"Your Excellency... the investors (albeit not all but a good majority) have authorised me and my team to lead them in this matter. We did represent them in court in 2007 until sometime in 2009 when the court refused to hear our case.
"My team and I stand ready to work with you and the rest of your colleagues in government to have this matter resolved as soon as possible."
Mr Manyeli said the investors rejected their classification as MKM creditors, arguing that they did not sell anything to MKM for which the fallen company owes them.
Instead, Mr Manyeli explained, the investors "are ordinary citizens who are customers of MKM after they took advantage of the financial services provided by MKM".
At the heart of the investors' grievances is the fact that for the past 10 years since MKM was closed by the CBL, they have been made to suffer for a dispute between the CBL and MKM over the latter's alleged breach of licensing laws.
The investors claims that prior to its closure, MKM was solvent and regularly paid them vindicated recent claims by the MKM director, Simon Thebe-ea-Khale, that MKM was solvent and could afford to pay its creditors before it was shut down.
"I have always maintained that I owe creditors M65 million but people who were out to get me exaggerated the amount because they wanted to make me look bad. We have enough monies to pay back our creditors and we are planning to start effecting payments beginning in September 2018.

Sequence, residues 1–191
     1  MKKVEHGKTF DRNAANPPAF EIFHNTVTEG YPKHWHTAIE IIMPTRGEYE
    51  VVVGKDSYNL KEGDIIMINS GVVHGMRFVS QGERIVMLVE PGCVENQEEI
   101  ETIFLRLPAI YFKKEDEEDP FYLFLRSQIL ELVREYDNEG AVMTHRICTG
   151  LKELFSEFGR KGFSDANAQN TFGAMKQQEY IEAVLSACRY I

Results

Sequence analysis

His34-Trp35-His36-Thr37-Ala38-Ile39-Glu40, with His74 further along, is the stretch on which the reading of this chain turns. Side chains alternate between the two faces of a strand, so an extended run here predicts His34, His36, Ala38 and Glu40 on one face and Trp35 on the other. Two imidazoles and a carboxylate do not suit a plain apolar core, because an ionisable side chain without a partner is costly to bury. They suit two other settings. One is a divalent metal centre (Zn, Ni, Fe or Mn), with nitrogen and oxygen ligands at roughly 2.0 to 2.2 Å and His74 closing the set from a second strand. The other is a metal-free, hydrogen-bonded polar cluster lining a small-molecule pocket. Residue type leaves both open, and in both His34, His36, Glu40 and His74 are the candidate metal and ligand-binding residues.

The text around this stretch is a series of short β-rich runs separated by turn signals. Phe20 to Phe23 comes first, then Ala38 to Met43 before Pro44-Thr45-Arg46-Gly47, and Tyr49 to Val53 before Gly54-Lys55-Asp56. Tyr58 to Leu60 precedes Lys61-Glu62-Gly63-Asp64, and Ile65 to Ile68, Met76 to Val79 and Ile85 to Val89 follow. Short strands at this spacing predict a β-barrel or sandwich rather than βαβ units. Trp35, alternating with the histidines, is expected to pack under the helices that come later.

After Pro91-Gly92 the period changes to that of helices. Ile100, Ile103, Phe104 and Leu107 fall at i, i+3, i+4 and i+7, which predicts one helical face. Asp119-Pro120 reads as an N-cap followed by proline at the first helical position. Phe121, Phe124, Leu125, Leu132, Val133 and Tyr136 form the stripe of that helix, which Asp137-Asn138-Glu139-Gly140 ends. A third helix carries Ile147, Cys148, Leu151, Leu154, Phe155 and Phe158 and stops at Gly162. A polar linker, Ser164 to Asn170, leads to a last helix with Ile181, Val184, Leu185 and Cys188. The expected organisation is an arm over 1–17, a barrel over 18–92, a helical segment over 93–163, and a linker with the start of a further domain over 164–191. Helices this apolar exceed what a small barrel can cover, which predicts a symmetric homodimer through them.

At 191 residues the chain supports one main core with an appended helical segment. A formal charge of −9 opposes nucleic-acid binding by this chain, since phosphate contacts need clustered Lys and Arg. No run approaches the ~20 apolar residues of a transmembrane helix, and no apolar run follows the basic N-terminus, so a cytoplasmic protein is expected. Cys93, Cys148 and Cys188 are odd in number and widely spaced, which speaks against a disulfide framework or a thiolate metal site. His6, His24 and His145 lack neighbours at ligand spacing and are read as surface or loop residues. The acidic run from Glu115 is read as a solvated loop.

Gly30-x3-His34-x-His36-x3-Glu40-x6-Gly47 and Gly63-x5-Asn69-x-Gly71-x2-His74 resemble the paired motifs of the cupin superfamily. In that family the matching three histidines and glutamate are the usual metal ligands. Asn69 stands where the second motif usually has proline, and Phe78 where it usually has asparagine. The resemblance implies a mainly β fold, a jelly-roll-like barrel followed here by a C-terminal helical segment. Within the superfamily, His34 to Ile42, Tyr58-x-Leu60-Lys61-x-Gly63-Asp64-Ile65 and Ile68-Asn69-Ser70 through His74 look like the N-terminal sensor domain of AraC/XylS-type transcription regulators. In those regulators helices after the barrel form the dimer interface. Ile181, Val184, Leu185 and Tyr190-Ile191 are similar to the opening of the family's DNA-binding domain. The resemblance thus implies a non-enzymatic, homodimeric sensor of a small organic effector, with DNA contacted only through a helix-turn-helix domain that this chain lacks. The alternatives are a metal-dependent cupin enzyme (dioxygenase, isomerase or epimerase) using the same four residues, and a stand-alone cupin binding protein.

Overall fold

"We are sure that rentals collected from our FBN property has accumulated to more than M20 million by now. That money together with M30 million that was taken by the Central Bank of Lesotho in 2007 will be enough to pay back creditors their hard-earned monies," Mr Thebe-ea-Khale told the Lesotho Times last month.
This week, Mr Manyeli said it was the CBL and not the investors, who had a problem with MKM which led to the company's closure in 2007.
"It is the CBL who had a problem with MKM... We (the investors) were not party to that dispute which ended with the liquidation of MKM other than in defence of our interest to have our money returned to us."
Mr Manyeli said before its closure, MKM regularly paid them and after shutting down its operations, the CBL had a duty to ensure that they were paid what they were owed.
Mr Manyeli further said that many years had passed without the investors being paid or even receiving communication on the issue from the CBL.
He said the failure to pay them was despite the fact that MKM properties and cash had been impounded and some already sold.
"We have not heard of a single payment made to an investor from the MKM liquidation... The CBL appears to have relinquished to the Master of the High Court its responsibility under the liquidation order it requested and was granted.